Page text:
Afraid of VIRGINIA WOOLF? Not at the Belmont, but Maybe Elsewhere?
The play is a tale of imperfect families - of a college president's daughter who marries the professor who isn't a success, of infertility, of alcohol. It's a story of a younger faculty couple who may have married because the wife was believed to be pregnant, although it may have been a hysterical pregnancy. It's the trainwreck of their colliding into each other at George and Martha's house one night after a faculty party and far, far too much alcohol. George and Martha, whose marriage seems to be crumbling, may have one far stronger than it looks, while the supposedly happy newlyweds may not be as stable as they appear. What's real and what's illusion blur throughout the night, filtered by alcohol, by lies, by obfuscations, and by family secrets.
It's ostensibly set at a small New England college, unnamed in the play, although it could be set at any college, as long as it's a small private one, and not a nationally ranked football powerhouse; it needs to be at a place where nepotism is an easy thing to achieve. It could be set anywhere in the country, could be extremely flexible, as many of Albee's plays are, as many other plays are. Arthur Miller's classic DEATH OF A SALESMAN was recently done at Gamut Theatre in Harrisburg with an interracial cast, chosen color-blindly, to no ill effect. Can the same be done for Virginia Woolf? The world may never know, as long as Albee's estate retains control of the play. For professional productions, at least, they retain approval of casting, and, as a theatre in Oregon recently discovered, this extends to making sure that the cast of Virginia Woolf is completely white.
There are some plays, like the works of August Wilson, which are often performed locally at Open Stage of Harrisburg, that require African-American casts to portray stories clearly about the African-American experience. Is the tale in Virginia Woolf a story specific to the white middle class community? The estate appears to think so, based upon a few references to Nick, the younger professor's, blondness. That there is an ability to edit out these lines is clear; however, the Dramatists Guild surprisingly sided with Albee's estate, based largely on the right of playwrights to approve casting, and also upon the theory that if Nick were in fact Black, it would have been necessary for the play to remark upon the fact of the younger couple, Nick and Honey, being in an interracial marriage. The latter might indeed have been necessary at the time it was written, but given that most audiences now likely would not notice this, is the effect indeed deleterious? If the few lines pertaining to Nick's looks were edited, would an all African-American cast be able to perform the show? How are the faculty and administration political dynamics, how are the marital relationship dynamics, at a small historically Black college that different from those of any other college?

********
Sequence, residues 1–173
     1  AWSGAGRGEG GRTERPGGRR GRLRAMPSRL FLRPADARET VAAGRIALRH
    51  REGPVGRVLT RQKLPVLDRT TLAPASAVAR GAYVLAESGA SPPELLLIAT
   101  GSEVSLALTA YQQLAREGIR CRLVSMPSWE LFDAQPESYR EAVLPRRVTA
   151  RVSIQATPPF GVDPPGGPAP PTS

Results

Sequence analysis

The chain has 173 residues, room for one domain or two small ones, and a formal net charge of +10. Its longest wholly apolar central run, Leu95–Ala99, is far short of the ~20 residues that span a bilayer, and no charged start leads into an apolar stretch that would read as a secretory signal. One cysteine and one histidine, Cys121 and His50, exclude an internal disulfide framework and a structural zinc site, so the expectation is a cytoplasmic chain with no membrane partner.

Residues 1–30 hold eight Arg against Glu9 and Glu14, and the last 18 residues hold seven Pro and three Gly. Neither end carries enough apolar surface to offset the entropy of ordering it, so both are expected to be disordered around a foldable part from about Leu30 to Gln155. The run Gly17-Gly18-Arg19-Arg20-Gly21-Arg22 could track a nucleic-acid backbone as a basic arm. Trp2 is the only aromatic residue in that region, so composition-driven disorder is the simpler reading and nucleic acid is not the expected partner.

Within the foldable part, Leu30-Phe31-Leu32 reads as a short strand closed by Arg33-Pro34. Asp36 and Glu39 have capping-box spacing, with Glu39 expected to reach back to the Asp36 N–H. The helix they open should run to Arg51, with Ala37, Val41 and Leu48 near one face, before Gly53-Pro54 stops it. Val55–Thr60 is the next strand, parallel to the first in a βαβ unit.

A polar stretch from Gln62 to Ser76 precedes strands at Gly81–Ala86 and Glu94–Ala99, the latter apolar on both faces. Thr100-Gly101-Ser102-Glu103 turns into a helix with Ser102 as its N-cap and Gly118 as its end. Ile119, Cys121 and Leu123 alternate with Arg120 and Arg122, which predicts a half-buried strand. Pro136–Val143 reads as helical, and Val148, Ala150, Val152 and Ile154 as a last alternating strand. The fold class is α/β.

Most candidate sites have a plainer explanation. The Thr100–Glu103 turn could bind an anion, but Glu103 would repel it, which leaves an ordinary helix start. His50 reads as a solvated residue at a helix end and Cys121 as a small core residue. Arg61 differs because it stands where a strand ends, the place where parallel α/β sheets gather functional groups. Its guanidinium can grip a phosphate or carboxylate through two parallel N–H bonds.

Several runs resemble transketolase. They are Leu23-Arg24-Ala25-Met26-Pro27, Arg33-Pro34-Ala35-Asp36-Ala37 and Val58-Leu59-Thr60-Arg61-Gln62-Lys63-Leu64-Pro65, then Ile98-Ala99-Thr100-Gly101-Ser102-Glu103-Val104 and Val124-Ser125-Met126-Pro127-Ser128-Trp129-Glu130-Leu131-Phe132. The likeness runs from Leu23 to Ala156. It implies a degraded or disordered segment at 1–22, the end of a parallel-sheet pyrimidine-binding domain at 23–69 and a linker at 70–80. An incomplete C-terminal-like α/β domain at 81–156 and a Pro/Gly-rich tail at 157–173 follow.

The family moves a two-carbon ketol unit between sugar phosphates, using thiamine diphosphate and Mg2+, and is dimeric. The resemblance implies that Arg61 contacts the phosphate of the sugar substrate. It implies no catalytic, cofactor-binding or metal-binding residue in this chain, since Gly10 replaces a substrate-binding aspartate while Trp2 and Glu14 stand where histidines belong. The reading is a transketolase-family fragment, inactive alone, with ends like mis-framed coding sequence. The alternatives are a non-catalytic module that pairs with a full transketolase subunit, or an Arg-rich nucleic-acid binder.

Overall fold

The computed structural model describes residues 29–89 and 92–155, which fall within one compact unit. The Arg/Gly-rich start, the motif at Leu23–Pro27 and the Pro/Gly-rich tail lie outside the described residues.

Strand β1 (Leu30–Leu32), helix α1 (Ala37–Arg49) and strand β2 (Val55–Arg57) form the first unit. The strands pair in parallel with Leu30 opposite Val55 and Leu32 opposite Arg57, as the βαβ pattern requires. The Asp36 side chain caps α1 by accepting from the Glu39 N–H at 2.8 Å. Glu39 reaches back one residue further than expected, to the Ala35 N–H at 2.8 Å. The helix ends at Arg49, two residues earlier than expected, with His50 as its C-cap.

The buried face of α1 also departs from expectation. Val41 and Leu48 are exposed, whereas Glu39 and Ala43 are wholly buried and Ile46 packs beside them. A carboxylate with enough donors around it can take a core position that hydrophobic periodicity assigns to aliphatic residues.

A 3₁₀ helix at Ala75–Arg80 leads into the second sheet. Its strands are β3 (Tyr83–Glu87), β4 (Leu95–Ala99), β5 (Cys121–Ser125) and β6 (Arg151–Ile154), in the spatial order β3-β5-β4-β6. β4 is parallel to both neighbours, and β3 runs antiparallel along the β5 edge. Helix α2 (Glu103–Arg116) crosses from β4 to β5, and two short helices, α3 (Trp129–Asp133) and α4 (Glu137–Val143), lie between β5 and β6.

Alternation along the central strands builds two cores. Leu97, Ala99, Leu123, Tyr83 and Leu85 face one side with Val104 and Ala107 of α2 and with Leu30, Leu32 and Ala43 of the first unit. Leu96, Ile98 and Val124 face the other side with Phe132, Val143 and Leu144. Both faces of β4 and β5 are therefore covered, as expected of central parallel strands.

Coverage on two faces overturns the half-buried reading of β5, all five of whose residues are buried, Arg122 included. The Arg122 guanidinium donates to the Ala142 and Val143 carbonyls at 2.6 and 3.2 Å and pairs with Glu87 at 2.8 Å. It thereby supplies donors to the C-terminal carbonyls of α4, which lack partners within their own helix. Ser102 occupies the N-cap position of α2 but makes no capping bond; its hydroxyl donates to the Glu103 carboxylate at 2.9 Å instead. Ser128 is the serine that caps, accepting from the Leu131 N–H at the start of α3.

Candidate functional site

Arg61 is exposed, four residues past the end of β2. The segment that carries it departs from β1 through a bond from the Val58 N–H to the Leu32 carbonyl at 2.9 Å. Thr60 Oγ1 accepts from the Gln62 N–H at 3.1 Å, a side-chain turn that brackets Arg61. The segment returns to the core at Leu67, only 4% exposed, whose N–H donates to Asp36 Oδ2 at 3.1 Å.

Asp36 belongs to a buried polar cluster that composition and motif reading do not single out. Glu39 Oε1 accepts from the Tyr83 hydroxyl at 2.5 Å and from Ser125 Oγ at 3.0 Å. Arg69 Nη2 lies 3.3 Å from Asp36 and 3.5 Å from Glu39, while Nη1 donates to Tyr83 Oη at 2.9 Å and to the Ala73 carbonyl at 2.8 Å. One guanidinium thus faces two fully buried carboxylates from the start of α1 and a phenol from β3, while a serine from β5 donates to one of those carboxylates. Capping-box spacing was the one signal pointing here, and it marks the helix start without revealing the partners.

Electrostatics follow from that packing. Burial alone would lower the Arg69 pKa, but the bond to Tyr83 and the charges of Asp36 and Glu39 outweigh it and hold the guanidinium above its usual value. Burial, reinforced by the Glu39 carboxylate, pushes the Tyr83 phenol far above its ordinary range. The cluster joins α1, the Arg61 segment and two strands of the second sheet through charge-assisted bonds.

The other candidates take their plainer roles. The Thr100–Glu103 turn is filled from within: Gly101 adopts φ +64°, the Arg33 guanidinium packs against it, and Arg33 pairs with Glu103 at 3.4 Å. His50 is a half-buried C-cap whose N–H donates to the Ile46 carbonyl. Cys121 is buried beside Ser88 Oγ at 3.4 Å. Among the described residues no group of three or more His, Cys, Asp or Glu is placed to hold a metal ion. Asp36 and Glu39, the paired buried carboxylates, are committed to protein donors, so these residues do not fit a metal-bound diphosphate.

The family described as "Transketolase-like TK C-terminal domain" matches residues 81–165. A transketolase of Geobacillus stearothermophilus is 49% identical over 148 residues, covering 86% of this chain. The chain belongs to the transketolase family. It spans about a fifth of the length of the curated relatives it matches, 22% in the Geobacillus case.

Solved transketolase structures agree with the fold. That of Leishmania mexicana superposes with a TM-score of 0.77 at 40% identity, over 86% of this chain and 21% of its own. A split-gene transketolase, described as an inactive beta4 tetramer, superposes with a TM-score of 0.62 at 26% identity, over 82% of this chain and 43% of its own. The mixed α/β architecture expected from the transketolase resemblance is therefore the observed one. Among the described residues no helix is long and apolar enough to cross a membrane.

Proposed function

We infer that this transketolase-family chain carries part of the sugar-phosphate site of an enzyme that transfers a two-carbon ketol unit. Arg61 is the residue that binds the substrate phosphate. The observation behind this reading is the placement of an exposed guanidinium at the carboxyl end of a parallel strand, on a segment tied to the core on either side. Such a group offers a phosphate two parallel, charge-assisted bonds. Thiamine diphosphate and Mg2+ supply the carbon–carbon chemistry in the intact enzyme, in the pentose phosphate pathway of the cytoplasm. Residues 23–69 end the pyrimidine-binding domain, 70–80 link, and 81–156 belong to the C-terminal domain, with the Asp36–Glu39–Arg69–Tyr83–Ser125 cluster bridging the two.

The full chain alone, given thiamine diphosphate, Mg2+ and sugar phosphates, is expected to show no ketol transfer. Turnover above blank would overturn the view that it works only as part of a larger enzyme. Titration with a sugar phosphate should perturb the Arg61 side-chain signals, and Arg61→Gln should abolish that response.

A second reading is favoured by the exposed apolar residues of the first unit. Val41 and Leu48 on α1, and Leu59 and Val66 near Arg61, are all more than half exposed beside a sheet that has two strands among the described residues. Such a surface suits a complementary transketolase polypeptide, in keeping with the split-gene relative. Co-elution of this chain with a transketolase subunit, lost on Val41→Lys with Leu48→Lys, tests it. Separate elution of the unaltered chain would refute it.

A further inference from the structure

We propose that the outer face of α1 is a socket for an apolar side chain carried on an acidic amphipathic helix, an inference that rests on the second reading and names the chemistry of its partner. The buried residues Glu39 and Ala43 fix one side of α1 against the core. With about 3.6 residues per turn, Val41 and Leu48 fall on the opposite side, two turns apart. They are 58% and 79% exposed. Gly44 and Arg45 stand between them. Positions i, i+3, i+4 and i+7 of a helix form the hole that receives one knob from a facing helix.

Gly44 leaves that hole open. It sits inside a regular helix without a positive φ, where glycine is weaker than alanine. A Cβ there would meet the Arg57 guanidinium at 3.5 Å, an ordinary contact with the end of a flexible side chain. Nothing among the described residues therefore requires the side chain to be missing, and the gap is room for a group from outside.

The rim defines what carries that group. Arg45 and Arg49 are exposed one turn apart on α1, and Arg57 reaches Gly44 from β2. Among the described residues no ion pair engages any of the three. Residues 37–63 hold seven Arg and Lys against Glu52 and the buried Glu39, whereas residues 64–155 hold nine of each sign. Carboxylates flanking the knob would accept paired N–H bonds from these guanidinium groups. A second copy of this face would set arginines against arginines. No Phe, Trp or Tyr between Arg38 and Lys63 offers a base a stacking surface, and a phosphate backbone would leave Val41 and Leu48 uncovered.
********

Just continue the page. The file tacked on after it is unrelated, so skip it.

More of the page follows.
Virginia Woolf has been done locally twice in the past several years, once at Theatre Harrisburg, and most recently at The Belmont in York. Although the Albee estate's required approval of casts does not appear to extend to community theatres, surprisingly, neither theatre challenged the traditional casting norms. The production at Theatre Harrisburg was reviewed at the time. Virginia Woolf was just produced at The Belmont, however; unfortunately the show was only for one weekend, so a timely review prior to its ending was not possible for our writers.
However, though there were no sparks between The Belmont and the Albee estate, the production produced a great many sparks on stage - it was very possibly one of the strongest productions this writer has seen in recent years. It is particularly satisfying that no effort was made to cast actors resembling the stars of the frequently-seen movie. With four major 1960s film stars (Elizabeth Taylor, Richard Burton, George Segal, and Sandy Dennis) in it, there's no proper way to try to recreate the film on stage rather than to do a straightforward presentation of the play's script - if anything about Virginia Woolf can be said to be straightforward. Jack Hartman is a solid director, and while Virginia Woolf is an unmitigated challenge, he was able to maintain the relative coherence of what truly is a disjointed though cohesive story.
A production of Virginia Woolf lives or dies on its Martha, and Lori-Nan Engler is an exceptional Martha. Blonde and patrician here, she looks like a college president's daughter, just as much as local theatre veteran Jeff Gilbert can perfectly portray the apparently laid-back, casual, careless academic. "Apparent" is a key word here, since this show is rooted in illusion. Jeremy Slagle gave what may have been one of his best performances as physicist Nick, and Marissa Hoover brought some spine to Honey, Nick's wife, often played by other actresses as almost too timid to be alive. What little dignity any of the characters can be said to retain by the end of the show, Hoover's Honey maintains, despite her night of drinking until completely sick. The chief disappointment of this production was its unfortunately curtailed run, as the first week of its two-week schedule had to be cancelled. This easily could have sustained a three-week run rather than two weeks in the Belmont's black box environment. And Engler, who is from the Philadelphia area, should be invited to perform in any theatre in this area, at any time: she's simply spectacular.
It will be interesting to see if an area college is willing to attempt challenging the casting questions of Albee's work, or when, if ever, any professional companies will be willing to attempt to challenge the status quo of casting it - who's not afraid of casting Virginia Woolf?